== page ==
Wednesday, July 25, 2012

Deleted Scene from Haunted

I have a special treat for you guys today in the way of a deleted scene from Joy Preble's Haunted, the second book in the Dreaming Anastasia series. Can't wait to see what you guys think!

Here's a little bit of background information from Joy about the scene:

“The Haunted scene takes place after the Cub's game. Anne and Ethan go to eat and then see Viktor but before then I had envisioned this sexual tension/comic but serious scene where Anne is angry at Ethan for having turned her life upside down but she doesn't want to say it and he doesn't want to say he loves her since he's come back to find Ben in the picture. So instead, Anne eats. And eats. And it wasn't really working for me, but it's funny.”


Thursday, 4:30 PM, Ethan
                “Are you going to finish that?” I point to the remains of the enormous pile of onion rings that Anne has consumed along with the cheese and sausage pizza we just split at the little hole in the wall pizza place so close to the El that you can feel the trains rumbling by overhead as you eat. We’re in Evanston where I’ve rented an apartment. But taking Anne there felt like a mistake. A restaurant seemed safer. Pizza seemed safer.
I just had no idea that she ate like this.
                “Well, yeah. You need to try some, Ethan.” She plucks one off the plate, shoves it into my hand, then passes me the bowl of ranch dressing. “And dip them in this. It’s killer.”
                I try it. It’s not half bad.
                We both chew some more, both pretending that this isn’t awkward and that we don’t both remember being chased by Baba Yaga and Viktor and Dimitri to these very El tracks not that long ago. Or that it was on one of those trains that Anne figured out how to work the magic lacquer box that let us access Baba Yaga’s forest and open the door to her hut so we could save Anastasia. It doesn’t take much for me to remember how Anne looked when Viktor almost killed her that day.
Or how I felt realizing what a fool I’d been to trust him.
                It’s easier to eat pizza and onion rings and talk about what I’m going to study now that I’m back. Of course we both know that’s not really why I’m back. But neither of us has worked up to the truth.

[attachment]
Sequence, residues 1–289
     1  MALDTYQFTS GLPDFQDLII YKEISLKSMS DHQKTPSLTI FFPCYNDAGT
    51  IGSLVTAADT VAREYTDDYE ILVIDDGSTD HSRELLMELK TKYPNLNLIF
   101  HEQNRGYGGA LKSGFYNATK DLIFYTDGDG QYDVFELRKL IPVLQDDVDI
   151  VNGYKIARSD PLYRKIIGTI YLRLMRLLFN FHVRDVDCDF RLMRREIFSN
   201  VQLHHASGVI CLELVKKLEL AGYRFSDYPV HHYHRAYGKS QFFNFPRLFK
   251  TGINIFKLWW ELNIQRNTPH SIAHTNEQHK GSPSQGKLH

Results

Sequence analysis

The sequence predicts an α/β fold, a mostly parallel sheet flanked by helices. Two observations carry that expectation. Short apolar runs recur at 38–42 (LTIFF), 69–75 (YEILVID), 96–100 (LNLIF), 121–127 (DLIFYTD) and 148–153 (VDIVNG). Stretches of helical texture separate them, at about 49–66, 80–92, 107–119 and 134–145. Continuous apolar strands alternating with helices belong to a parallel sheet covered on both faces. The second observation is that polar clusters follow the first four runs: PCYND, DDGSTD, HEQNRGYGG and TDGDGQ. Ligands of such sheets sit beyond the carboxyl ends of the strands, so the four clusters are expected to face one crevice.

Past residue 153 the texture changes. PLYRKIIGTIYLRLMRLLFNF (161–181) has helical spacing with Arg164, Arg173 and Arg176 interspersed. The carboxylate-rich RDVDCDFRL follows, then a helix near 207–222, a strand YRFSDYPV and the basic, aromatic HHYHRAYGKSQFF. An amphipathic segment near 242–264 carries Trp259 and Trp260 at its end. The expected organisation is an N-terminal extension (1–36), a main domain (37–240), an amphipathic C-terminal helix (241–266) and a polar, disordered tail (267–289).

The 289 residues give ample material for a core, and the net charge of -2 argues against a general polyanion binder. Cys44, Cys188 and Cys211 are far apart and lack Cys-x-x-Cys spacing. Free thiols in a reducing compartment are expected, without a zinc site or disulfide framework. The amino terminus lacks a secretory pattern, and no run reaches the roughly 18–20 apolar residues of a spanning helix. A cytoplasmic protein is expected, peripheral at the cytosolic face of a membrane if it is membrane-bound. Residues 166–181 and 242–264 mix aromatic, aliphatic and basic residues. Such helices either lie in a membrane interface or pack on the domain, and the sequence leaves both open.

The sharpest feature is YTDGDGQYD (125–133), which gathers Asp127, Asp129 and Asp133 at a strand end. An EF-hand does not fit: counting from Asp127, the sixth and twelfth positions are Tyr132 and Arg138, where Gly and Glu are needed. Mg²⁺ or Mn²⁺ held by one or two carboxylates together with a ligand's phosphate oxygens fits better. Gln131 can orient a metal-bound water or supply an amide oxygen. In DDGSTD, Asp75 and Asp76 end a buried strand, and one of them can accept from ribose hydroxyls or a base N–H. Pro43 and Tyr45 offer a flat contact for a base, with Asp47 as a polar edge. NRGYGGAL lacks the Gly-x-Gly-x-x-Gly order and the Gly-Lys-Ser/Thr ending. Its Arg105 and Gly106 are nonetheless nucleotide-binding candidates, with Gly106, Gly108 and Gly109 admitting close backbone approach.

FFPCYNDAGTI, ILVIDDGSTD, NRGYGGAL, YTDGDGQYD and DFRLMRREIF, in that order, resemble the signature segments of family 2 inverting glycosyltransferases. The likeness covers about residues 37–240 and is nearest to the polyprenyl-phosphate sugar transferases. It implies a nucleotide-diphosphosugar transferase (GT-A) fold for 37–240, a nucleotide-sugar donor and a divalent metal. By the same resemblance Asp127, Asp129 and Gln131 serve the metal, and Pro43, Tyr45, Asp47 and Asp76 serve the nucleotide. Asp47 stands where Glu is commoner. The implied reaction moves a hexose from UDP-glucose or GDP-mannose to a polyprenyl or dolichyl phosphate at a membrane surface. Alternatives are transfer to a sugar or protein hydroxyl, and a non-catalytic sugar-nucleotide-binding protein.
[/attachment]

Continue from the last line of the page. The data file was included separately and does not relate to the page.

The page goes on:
“See. I knew you’d like it.” She dips another ring in the bowl of ranch, opens her mouth, pops it in, then closes and chews.
                “Remember when you made me tea? You still do that? The whole loose tea, tea pot thing?” she asks me around her mouth of onion ring.
                “Yes.”
                “Well that’s good to know.”
                “We need to talk, Anne.”
                “We are talking, Ethan.”
                I frown at her.
                “I’m being difficult, right? That’s what you’re thinking. Anne’s being difficult.”
                “Possibly.”
                “That’s what Tess keeps telling me, too. Well, maybe she doesn’t use that specific word. But that’s what she means.”
                “Anne.”
                “Ethan.”
                I signal the waitress for a check. This is going nowhere. I need to find out what’s really been going on with her. I need to tell her what I’ve seen. What I suspect. Everything I’ve kept from her in hopes that maybe I could keep it from coming. I am, it seems, no less foolish than ever.
                “You know they make great cannoli here,” Anne says as she stabs her fork into the last onion ring and dunks it in the bowl of dressing.
                I fish some bills from my pocket and hand them to the waitress who’s returned with the check.  “You’re all set,” I tell her. I stand, pull Anne from her chair while she’s still chewing and guide her from the restaurant. Another train barrels by overhead.
                “Let’s go out by the lake,” I say. “We’ll walk. I’ll talk. You’ll listen. And we’re going to figure this out, okay. Really. We are.”
                “Ben loves me, Ethan. Did you know that?”
                Her face is suddenly serious. Somewhere all this onion ring eating has been about this.
                “Does he?”
                “Yeah, he does.”
                She pauses, clearly on the verge of saying something more. It occurs to me, certainly not for the first time, how very young she still is.
                “I’m sorry that he’s been dragged into this, Anne.”
                “He has, hasn’t he?” She swallows. I catch a glimpse of the Anne I really know – as much as I can say I know her. The one who’s smart and funny and brave. The one I kissed a number of times before I left for Europe and who is now seeing a boy named Ben she says loves her.
                “Sucks to be him, huh?” she adds.
                Actually, I think, it doesn’t.